At the one year summary and review meeting held in Viet Tri city, Phu Tho province on November 28, SRD staff members and management had the opportunity to meet with some of the key farmers who are are implementing SRI and training others in the community on its application.
These key farmers have been using SRI methods for two seasons now, and have so far seen dramatic decreases in their use of seeds (by about 50%), water, and transplant labor. The rice they grow is of better quality, and crop productivity has been increased by about 20 kg of paddy per sao (360 sq. meters).
SRI, however, is not just having an effect on yields and incomes, but on social solidarity and community livelihoods. These key farmers serve as agents of positive change in their communities, bringing information of SRI to their friends and neighbors and working hand-in-hand with them to ensure its successful application. At the begining of each season, the key farmers meet to develop a plan for SRI expansion and implementation, and then work with one another to make sure that targets are reached.
SRI is also changing the lives and livelihoods of families for the better. With the reduction in labor required in the rice fields, farmers, especially women, can now spend more time working on other activities. This helps encourage income diversification, as farmers devote more attention to gardens and vegetable plots, and leads some to seek additional off-farm work opportunities.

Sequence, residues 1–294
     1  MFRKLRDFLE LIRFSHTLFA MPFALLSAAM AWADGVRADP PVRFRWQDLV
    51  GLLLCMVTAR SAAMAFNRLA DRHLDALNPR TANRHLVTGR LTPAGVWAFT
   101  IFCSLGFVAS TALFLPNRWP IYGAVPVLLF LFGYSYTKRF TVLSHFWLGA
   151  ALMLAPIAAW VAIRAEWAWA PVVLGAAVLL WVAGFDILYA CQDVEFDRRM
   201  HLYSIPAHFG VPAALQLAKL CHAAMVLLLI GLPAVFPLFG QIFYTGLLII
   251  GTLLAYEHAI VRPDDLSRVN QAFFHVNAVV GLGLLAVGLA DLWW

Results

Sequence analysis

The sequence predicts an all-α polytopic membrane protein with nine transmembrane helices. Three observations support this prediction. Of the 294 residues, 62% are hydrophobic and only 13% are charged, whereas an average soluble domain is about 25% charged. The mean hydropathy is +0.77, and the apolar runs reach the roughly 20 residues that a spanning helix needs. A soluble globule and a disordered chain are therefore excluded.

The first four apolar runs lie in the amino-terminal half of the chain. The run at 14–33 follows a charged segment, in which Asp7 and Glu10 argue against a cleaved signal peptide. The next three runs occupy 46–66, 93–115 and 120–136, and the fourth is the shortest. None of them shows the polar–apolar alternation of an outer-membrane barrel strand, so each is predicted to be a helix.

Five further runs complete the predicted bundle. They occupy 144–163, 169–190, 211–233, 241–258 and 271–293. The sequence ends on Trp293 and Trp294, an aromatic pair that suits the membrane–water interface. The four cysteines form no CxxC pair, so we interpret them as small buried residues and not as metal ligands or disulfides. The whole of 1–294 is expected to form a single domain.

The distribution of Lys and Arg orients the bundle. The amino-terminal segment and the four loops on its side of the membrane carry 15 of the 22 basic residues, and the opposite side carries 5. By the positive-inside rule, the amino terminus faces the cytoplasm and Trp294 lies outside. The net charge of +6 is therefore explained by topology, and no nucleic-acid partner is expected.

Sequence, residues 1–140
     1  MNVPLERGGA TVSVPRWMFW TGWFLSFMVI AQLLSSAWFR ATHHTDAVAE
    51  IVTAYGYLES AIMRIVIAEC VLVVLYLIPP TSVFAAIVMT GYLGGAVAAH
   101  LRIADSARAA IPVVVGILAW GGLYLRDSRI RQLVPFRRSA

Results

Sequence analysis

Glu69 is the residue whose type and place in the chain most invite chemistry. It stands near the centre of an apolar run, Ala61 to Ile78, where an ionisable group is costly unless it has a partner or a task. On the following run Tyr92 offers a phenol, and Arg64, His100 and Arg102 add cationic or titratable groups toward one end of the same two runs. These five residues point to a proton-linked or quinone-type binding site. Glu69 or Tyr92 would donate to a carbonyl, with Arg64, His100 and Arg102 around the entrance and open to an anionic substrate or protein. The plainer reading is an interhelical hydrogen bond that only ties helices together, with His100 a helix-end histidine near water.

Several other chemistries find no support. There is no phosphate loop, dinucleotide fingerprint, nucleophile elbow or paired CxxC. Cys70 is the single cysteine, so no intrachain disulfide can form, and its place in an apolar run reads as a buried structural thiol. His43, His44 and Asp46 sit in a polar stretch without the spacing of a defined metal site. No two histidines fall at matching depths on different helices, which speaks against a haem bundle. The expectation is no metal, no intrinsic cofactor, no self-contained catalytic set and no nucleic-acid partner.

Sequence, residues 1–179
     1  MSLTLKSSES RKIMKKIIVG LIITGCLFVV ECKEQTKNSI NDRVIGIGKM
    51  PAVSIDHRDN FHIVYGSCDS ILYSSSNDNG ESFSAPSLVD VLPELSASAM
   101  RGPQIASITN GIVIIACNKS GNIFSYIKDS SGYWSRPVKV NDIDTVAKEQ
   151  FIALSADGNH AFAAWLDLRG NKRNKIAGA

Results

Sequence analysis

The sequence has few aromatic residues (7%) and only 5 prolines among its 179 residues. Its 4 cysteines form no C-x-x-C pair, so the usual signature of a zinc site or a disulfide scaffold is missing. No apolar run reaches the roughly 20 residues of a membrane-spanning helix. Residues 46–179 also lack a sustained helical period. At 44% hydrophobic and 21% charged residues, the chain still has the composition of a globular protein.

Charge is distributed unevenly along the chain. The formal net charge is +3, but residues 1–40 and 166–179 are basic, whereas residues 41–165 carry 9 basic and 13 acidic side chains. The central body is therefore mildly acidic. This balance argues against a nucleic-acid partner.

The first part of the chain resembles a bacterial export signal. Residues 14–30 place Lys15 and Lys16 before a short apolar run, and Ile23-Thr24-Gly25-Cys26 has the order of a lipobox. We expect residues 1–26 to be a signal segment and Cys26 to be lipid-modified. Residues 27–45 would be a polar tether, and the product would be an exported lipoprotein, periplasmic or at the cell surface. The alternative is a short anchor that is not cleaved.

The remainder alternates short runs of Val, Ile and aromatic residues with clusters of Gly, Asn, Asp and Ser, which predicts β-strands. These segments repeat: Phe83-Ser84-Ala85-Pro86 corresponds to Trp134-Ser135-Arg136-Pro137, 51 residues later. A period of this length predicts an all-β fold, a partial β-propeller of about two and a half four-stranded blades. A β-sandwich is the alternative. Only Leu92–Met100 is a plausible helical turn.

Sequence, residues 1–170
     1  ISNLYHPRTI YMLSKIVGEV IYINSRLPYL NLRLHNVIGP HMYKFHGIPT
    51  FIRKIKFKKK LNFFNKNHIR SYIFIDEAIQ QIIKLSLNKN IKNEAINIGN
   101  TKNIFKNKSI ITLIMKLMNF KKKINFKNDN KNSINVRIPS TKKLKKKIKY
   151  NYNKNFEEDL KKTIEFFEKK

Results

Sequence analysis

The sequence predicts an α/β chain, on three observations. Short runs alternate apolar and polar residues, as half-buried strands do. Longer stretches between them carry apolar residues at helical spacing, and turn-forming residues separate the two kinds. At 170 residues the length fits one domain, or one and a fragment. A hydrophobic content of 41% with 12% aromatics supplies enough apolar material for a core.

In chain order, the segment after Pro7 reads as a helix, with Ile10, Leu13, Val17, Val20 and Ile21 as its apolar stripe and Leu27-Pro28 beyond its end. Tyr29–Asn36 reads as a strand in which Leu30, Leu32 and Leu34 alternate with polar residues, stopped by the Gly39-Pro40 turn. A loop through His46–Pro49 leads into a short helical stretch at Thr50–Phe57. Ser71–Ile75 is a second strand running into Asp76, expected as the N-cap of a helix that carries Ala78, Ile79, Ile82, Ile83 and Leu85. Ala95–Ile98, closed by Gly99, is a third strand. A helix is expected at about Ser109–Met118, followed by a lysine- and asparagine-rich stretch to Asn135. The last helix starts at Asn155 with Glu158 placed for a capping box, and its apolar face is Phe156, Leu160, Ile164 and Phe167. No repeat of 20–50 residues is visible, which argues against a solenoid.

Meeting with these farmers also allowed to share their opinions and suggestions for the future of the program. Though the application and expansion of SRI has, so far, been successful, there remain some obstacles still to be met. Because SRI is a new method and requires the use of inputs (such as potassium-based fertilizer) that farmers are not yet familiar with, strong support is needed for farmers applying SRI for the first time. Some farmers suggested additional financial support, loans, or in-kind supplies of inputs such as seeds and fertlizer. Additional support (in the form of a per diem) was also requested for the farmer trainers.
Another area of potential improvement is communication and the engagement of authorities at the local level. Farmers suggested that the program make better use of the communications tools available in the communities, such as loudspeakers, and other forms of media, like the provincial television station, to provide specific information on how and when farmers should follow the steps of SRI. To achieve this, the program will need to coordinate closely with local officials to develop detailed SRI implementation plans and to remind local residents how to carry out SRI techniques, in accordance with that timeline.